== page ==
Youth and seniors in attendance demonstrated both their serious disappointment with the City and a very high level of knowledge of community issues, challenging the top-down approach of the City officials with reasoned arguments. Mothers brought up concerns about diminishing recreation access, police harassment of their children and housing.
The high level of participants’ knowledge and articulation of our community issues by a wide-range of community residents clearly showed to the City officials and elected representatives that they cannot and must not take our community for granted.
The Jane/Finch community, like many other systematically excluded and disadvantaged communities in Toronto, faces serious issues when it comes to poverty, that were not acknowledge by the City’s staff in their presentations:
• high unemployment and underemployment,
• low wages,
• bad jobs,
• inadequate housing,
• targeted policing
• diminishing recreation opportunities
• structural racism and classism
As a result, many came away from the meeting with the impression that we were not there to be listened to. Some used the term “amateurish” to describe how the meeting was organized and the process used. For us, this whole thing was just a show consultation.
The meeting of service providers in January 2014 was handled just as badly. It began with a long, tedious overview and power point. Two models of “data analysis” were presented which were problematic because they did not leave room for alternative models to be presented. Few, if any of the attendees felt that they understood these models or their implications for implementation since, again, no clear financial outcomes were shown.
There appeared to be a consensus in the room that the presentation and the data provided lacked clarity and hence could not/should not be discussed.
Other points were raised such as:
• the “report” was not a report,
• the “consultation” process was not consultative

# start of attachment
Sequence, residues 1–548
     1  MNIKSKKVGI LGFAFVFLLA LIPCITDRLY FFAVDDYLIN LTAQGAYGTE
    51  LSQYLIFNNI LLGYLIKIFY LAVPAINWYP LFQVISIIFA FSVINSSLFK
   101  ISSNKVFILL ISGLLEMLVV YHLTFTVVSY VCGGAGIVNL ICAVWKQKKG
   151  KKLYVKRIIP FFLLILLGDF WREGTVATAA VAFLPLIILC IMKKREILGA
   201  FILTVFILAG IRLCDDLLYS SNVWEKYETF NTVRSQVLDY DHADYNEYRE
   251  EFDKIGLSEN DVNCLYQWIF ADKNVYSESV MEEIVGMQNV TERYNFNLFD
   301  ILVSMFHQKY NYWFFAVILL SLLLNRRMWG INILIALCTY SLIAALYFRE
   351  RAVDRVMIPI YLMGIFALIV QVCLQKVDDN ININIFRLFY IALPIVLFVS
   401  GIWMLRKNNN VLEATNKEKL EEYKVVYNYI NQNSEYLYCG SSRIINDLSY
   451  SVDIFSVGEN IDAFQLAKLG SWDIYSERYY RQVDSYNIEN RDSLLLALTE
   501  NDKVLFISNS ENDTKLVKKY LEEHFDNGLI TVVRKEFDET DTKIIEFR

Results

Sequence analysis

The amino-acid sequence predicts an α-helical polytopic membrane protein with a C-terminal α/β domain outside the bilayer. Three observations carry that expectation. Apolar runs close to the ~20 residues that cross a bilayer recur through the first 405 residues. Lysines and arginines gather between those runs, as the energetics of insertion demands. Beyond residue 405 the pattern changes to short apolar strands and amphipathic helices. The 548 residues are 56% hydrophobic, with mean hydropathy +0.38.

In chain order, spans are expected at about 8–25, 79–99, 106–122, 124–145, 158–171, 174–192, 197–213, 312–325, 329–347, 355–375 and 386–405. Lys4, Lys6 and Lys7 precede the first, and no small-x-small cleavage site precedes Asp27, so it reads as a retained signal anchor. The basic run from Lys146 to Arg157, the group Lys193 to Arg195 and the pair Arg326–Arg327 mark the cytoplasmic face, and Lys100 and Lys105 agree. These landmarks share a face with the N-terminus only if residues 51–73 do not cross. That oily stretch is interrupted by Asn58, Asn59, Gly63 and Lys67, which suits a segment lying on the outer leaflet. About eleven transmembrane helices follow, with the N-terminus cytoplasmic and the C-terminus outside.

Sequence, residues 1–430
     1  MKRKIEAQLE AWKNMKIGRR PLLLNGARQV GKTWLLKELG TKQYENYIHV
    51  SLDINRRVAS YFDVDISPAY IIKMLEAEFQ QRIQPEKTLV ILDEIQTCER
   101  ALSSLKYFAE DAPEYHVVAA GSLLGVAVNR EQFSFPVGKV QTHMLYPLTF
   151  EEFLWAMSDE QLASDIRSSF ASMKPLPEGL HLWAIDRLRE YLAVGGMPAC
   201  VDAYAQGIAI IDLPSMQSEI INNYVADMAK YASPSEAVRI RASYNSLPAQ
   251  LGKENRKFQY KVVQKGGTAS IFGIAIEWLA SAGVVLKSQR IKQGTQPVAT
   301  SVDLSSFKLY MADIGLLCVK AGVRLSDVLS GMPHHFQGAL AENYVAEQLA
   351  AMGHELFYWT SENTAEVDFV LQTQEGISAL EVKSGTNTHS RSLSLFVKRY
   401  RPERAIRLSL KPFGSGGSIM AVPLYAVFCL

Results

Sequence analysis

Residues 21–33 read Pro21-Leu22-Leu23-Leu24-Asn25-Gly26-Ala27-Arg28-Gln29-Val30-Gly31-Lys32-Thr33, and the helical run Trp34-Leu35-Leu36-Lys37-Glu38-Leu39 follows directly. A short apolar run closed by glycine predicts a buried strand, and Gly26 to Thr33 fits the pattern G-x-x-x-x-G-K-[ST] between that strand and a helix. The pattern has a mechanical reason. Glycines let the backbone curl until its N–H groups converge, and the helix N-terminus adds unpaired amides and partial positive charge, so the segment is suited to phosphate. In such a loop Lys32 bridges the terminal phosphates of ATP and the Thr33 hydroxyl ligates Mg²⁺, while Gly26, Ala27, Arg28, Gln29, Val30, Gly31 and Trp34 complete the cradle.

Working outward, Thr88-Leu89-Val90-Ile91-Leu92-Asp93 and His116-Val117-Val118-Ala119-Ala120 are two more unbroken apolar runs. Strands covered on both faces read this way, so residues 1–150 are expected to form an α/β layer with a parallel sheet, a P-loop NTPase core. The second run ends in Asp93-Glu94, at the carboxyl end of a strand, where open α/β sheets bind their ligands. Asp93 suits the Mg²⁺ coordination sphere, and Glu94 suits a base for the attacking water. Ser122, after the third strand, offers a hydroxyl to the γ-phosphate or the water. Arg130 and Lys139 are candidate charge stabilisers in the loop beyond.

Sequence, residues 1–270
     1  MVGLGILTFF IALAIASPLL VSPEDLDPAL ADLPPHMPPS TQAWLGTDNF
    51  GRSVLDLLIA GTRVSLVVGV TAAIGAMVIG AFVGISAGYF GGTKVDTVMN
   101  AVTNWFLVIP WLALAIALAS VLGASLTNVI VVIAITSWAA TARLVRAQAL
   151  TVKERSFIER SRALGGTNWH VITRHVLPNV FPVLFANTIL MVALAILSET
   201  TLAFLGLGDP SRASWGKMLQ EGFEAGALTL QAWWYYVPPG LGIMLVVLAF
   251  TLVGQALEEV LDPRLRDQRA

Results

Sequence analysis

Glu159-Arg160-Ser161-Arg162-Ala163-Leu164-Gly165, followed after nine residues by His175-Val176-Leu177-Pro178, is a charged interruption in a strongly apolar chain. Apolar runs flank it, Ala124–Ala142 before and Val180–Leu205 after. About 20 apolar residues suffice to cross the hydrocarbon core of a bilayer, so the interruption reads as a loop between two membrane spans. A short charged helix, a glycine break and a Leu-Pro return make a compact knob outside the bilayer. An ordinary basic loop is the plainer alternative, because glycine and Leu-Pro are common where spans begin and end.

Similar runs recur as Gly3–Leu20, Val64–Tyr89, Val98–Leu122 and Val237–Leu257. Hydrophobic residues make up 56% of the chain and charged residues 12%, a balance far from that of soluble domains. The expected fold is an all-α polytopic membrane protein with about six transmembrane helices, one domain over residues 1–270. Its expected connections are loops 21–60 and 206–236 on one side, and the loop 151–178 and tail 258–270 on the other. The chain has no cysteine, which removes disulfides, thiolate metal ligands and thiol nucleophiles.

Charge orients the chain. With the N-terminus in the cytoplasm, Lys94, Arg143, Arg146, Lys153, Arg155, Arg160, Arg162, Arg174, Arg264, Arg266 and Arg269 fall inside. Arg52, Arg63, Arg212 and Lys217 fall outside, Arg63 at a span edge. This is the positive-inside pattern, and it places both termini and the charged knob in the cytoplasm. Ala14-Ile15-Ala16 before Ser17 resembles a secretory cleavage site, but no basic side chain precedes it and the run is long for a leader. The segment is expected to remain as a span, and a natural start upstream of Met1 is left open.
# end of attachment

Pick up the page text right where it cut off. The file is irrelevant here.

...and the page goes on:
• like the original Fall meetings, these were not accessible to the public.
• that a true consultation would have to involve community leaders and residents and that this process, as a result, lacked integrity.
• that community groups are very concerned about this “process” and how decisions will be made.
• When asked if some priority neighbourhoods would be cut, the responses given were designed to reassure but remained vague and did not provide straightforward answers.
Clearly, the concerns raised in November remain. The voices of community residents were not being heard and that those who were “heard” were not being listened to.
JFAAP makes the following recommendations that:
• The City rejects the staff report because the consultation process was flawed.
• The City consult community residents and organizations in the priority neighbourhoods to determine key areas of ‘improvement’ using concrete financial models,
• The City continue provide the same level of funds to the 13 formerly named ‘Priority Neighbourhoods until this process is redone,
• Consider using poverty in Toronto as a basis for neighbourhood improvement (re-evaluate key areas that were set in the United Way’s Poverty by Postal Code report in 2004 which initiated the priority neighbourhood program),
• Freeze police funding in order to support and provide resources to the existing programs and services that were developed through the Priority Neighbourhood designation.
JFAAP is submitting this report as an appendix to the final report from city staff.
CC: All city councillors
Jane Finch Action Against Poverty
February 28, 2014